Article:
Two texts were referenced for item creation: Bowen’s representative work Family therapy in clinical practice (Bowen, 1978) and Family evaluation (Kerr & Bowen, 1988) . In these 2 texts, Bowen describes the differentiation of self scale (Bowen, 1978: pp. 472-475; Kerr & Bowen, 1988: pp. 97-107) . Bowen mentions that it was an attempt to explain people’s various differences based on high and low differentiation of self, and rather than being an actual scale, it was a hypothetical one. The items are stated in ordinary language, and there are no scale items that would be used in actual clinical settings. However, this content undeniably portrays the various aspects of people the Bowen thought to be related to high and low differentiation of self. Therefore, in this study, items were created with reference to this section of his work.

Specifically, applicable sections from the 2 texts were first translated to Japanese and then content considered directly related to high and low differentiation of self was extracted. Next, 70 items were created for the first draft, paying attention to not using difficult-to-understand expressions so the items would be accessible even to high school students, and not using expressions that assume specific relationships, such as “lover” or “spouse” so as not to limit the respondents. Finally, the items were shown to 4 average undergraduate students (third year) majoring in psychology and their comments sought. Based on their comments, some items were revised or deleted. Through this process, a scale with 61 items was created.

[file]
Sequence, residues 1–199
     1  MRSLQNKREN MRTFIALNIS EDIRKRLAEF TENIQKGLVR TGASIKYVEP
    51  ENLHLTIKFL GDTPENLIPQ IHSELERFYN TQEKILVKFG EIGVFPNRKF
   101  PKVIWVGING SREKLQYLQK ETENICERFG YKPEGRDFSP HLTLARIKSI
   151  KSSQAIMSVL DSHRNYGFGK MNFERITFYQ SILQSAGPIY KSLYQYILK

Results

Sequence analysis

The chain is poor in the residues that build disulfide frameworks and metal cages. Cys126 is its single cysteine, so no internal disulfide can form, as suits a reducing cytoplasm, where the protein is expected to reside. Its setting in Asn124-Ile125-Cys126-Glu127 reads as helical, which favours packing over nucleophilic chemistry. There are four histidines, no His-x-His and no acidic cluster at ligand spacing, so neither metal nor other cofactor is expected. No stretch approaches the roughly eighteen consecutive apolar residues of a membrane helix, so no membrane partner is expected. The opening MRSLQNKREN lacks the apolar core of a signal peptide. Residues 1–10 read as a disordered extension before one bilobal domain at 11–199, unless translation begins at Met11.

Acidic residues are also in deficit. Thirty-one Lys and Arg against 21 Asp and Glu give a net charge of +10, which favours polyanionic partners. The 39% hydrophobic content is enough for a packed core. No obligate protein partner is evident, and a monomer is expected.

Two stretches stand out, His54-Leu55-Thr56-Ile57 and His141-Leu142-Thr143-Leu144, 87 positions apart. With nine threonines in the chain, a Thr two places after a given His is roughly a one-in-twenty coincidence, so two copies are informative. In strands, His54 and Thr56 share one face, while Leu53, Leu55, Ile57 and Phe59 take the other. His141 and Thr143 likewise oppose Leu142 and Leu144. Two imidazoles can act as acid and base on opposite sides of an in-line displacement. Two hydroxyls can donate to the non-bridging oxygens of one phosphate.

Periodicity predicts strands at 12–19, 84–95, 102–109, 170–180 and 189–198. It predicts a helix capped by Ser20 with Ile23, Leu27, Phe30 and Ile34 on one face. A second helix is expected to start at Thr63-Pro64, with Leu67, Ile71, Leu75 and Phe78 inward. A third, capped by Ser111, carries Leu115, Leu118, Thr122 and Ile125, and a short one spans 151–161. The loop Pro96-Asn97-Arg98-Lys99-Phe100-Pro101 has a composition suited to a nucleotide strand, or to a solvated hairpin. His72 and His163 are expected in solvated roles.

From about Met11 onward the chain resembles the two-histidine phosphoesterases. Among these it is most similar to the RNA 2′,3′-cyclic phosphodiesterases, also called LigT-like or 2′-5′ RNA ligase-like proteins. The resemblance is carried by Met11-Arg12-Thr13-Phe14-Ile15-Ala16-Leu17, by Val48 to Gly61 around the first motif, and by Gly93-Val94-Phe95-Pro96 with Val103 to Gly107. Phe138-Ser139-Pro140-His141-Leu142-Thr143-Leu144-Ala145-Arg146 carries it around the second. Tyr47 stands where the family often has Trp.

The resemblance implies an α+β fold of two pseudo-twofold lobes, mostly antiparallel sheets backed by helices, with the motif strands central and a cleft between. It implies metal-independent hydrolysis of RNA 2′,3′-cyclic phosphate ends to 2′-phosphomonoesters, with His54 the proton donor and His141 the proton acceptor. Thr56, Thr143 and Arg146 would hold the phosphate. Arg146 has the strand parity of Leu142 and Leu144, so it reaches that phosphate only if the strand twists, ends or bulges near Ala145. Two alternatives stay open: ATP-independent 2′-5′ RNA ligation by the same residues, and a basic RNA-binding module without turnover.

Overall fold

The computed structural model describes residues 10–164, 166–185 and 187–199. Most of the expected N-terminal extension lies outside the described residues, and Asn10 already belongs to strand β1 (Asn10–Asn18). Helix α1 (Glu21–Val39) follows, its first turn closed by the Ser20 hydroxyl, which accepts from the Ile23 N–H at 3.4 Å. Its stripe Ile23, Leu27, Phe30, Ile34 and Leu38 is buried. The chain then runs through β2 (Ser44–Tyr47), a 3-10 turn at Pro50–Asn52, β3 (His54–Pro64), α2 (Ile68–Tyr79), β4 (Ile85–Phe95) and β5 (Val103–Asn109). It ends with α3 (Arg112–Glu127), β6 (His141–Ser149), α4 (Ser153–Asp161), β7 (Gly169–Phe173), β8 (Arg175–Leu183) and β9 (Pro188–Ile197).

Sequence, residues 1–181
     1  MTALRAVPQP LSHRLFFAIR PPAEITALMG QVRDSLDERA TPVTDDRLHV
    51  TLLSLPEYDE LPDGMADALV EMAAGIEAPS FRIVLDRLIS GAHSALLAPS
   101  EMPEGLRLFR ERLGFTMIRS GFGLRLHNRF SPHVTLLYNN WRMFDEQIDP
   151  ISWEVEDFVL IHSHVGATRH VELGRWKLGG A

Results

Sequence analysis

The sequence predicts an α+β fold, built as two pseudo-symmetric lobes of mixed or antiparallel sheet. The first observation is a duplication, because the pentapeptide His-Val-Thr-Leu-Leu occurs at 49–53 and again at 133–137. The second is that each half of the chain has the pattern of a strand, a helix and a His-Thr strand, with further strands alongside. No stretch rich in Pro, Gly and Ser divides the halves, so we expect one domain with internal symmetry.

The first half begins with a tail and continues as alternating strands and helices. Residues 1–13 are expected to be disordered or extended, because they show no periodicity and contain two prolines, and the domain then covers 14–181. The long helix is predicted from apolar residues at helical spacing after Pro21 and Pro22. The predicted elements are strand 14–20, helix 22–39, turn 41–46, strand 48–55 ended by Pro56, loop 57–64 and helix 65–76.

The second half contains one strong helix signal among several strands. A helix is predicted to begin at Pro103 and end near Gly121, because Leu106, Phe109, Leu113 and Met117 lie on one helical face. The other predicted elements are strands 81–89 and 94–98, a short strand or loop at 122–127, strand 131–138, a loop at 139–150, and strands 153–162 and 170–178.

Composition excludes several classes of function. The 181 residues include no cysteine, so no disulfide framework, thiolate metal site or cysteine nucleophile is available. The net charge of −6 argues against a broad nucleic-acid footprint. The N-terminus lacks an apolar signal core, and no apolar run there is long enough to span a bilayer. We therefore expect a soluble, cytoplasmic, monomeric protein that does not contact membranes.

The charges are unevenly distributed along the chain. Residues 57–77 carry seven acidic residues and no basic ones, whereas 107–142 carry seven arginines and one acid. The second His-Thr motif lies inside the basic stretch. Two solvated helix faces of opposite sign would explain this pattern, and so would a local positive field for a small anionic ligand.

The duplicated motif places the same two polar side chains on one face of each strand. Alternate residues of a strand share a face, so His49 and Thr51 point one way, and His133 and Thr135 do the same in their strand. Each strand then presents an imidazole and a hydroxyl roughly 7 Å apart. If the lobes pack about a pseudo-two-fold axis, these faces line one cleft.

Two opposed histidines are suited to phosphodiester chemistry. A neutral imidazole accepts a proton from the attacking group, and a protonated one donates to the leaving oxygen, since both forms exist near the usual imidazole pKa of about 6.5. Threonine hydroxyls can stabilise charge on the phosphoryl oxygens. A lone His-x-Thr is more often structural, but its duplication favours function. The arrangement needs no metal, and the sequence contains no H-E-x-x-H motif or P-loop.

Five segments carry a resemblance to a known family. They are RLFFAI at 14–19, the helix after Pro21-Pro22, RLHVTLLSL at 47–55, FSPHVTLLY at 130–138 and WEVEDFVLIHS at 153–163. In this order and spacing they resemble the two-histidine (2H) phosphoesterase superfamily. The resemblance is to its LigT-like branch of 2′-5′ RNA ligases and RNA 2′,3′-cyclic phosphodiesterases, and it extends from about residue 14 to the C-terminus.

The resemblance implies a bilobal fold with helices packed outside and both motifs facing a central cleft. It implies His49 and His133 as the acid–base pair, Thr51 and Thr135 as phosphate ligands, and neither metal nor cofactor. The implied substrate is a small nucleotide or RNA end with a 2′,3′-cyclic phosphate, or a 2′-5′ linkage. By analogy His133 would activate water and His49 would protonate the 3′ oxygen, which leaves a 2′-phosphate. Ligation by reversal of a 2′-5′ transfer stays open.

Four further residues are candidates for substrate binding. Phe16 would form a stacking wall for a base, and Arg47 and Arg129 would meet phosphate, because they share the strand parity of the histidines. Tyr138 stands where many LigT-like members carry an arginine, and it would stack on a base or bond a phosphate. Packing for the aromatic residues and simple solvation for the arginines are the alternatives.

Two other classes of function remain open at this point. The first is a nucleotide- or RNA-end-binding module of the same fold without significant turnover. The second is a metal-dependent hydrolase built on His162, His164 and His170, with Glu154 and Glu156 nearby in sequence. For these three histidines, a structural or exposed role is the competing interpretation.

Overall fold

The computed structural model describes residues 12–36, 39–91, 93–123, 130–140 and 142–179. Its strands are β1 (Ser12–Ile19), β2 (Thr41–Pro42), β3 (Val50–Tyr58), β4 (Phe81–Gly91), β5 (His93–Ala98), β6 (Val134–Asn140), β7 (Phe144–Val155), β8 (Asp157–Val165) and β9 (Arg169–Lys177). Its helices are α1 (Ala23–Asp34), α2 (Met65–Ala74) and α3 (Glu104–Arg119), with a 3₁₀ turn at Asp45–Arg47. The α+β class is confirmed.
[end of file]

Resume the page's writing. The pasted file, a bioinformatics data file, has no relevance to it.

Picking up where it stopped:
2.2. Survey Participants and Survey Period and Procedures

The survey targeted undergraduate students in the Kanto region and was conducted during lecture periods, between October and November 2016. The study was explained both orally and in writing on the questionnaire coversheet, where it was made clear that responses were voluntary and participants could drop out at any time. There were no disadvantages to not participating. Personal information related to the responses would be protected, and response content would be used only for research purposes. The survey was then conducted. There were 296 participants (150 male, 144 female, 2 missing), of whom 273 (139 male, 133 female, 1 missing) provided valid responses (the validity rate of the questionnaire was 92.2%) and their average age was 20.41 (SD = 0.97).